“Houthi actions endanger the lives of civilian seafarers, disrupt the flow of food and other essential commodities to people worldwide, undermine navigational rights and freedoms, and irreparably harm the marine environment and sensitive ecosystems that Yemeni fishermen depend on,” he went on to say.

“The Houthi attacks are raising prices for consumers and jeopardizing the regional development goals of countries in the region that depend on shipping and international trade, including Oman. These attacks are also not helping Yemen, which remains in dire need of humanitarian and economic support,” he said.

“My hope as the envoy for Yemen is that we can find diplomatic offramps to find ways to de-escalate,” he stated. “We favor a diplomatic solution. We know that there is no military solution.”

Moreover, Lenderking highlighted the role played by Saudi Arabia in building trust and bridging the divide between Yemen’s legitimate government and the Houthis.

This “gives us some hope that we can use this moment to get beyond current tensions and refocus on what the Yemeni people need, which is an end to this nine-year civil war,” remarked the envoy.

“I do think that ultimately diplomatic solutions will have to be found, and again, that’s why the importance of consulting with regional partners who have such a strong stake in a peaceful outcome to this conflict – Oman, Saudi Arabia, and others,” he said. “We all want Yemen to be a source of stability for the region.”

Furthermore, he stressed that the US remains fully committed to supporting lasting peace in Yemen and the UN-backed peace process, and easing the humanitarian and economic crises.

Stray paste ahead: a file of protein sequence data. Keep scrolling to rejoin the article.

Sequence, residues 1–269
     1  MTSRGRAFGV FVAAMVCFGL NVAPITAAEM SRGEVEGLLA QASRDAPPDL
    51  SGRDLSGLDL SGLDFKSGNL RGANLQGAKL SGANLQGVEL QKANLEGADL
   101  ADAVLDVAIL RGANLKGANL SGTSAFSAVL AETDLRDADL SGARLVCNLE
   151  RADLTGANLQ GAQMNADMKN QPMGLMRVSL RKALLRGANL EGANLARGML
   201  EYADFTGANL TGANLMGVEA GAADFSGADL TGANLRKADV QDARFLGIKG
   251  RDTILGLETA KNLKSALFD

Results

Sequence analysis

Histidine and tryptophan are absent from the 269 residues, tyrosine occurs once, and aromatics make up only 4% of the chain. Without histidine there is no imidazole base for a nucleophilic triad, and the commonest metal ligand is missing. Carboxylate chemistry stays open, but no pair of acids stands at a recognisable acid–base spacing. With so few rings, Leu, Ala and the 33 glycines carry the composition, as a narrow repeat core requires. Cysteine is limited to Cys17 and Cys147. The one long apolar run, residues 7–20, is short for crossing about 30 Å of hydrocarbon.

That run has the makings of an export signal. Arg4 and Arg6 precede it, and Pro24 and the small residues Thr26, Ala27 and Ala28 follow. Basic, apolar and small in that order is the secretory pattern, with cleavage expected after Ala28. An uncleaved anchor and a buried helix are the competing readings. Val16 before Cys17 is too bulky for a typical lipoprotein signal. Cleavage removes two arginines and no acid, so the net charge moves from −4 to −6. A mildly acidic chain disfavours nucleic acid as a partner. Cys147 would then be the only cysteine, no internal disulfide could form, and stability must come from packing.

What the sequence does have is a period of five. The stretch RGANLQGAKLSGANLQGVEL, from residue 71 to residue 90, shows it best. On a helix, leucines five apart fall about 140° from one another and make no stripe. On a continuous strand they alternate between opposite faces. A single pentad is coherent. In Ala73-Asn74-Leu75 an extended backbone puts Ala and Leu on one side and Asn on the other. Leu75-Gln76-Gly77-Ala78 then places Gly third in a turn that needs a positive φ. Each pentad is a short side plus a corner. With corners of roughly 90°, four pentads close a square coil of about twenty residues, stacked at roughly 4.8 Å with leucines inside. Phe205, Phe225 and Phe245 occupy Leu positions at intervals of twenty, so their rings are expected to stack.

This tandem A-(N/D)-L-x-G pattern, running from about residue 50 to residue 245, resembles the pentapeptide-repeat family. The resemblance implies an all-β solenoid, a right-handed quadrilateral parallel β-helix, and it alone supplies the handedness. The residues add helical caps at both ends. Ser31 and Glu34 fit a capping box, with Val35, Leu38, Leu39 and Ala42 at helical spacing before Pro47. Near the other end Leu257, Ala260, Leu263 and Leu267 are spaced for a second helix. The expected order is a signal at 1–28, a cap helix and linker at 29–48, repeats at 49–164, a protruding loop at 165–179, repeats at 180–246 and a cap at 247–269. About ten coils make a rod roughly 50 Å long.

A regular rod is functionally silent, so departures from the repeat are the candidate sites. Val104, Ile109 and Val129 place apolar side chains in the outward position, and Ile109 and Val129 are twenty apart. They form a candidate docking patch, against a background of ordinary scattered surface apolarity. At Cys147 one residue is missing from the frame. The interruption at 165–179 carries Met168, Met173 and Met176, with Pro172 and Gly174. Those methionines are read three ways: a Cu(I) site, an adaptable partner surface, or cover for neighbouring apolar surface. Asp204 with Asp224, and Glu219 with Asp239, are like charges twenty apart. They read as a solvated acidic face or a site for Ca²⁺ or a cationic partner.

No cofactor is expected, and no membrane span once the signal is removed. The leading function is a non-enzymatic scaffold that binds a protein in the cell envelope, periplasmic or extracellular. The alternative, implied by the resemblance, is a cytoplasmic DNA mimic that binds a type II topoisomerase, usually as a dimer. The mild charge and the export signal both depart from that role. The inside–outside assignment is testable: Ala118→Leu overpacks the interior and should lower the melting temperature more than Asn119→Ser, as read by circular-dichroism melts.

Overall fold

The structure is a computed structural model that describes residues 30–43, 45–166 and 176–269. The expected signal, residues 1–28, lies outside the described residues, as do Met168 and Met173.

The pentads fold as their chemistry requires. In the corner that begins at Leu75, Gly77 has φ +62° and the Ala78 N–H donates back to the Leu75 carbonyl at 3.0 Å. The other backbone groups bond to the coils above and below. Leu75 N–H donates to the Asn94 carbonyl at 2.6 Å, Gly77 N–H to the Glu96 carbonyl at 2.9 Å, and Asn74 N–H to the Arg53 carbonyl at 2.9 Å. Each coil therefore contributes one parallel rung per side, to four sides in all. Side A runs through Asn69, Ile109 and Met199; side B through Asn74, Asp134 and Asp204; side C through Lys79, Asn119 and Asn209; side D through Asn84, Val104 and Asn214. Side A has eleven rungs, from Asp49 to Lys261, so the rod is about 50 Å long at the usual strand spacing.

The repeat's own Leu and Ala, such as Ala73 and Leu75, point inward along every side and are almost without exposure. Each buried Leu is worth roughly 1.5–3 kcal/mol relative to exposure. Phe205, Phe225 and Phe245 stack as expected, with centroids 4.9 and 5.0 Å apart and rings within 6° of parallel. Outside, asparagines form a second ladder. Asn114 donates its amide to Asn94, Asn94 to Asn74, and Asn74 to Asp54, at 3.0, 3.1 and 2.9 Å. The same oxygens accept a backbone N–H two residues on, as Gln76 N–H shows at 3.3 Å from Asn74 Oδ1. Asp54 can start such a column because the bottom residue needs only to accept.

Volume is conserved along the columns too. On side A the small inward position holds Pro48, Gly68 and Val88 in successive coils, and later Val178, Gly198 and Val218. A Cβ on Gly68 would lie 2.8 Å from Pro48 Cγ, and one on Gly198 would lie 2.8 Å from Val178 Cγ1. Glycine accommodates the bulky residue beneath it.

UN Human Rights Chief: Situation in West Bank 'Drastically Deteriorating'

Palestinian Muslims gather at the Al-Aqsa mosques compound in Jerusalem, with the Dome of the Rock in the background, on the first day of the Eid al-Adha holiday marking the end of the Hajj pilgrimage to Makkah, on June 16, 2024. (PAFP)
Palestinian Muslims gather at the Al-Aqsa mosques compound in Jerusalem, with the Dome of the Rock in the background, on the first day of the Eid al-Adha holiday marking the end of the Hajj pilgrimage to Makkah, on June 16, 2024. (PAFP)
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UN Human Rights Chief: Situation in West Bank 'Drastically Deteriorating'

Palestinian Muslims gather at the Al-Aqsa mosques compound in Jerusalem, with the Dome of the Rock in the background, on the first day of the Eid al-Adha holiday marking the end of the Hajj pilgrimage to Makkah, on June 16, 2024. (PAFP)
Palestinian Muslims gather at the Al-Aqsa mosques compound in Jerusalem, with the Dome of the Rock in the background, on the first day of the Eid al-Adha holiday marking the end of the Hajj pilgrimage to Makkah, on June 16, 2024. (PAFP)

The United Nations human rights chief on Tuesday warned that the rights situation in the West Bank, including East Jerusalem, was drastically deteriorating, while there had been "unconscionable death and suffering" in Gaza.

"The situation in the West Bank, including East Jerusalem, is dramatically deteriorating," said Volker Turk, UN High Commissioner for Human Rights.

He said that as of June 15, 528 Palestinians, 133 of them children, had been killed by Israeli security forces or settlers since October, in some cases raising "serious concerns of unlawful killings."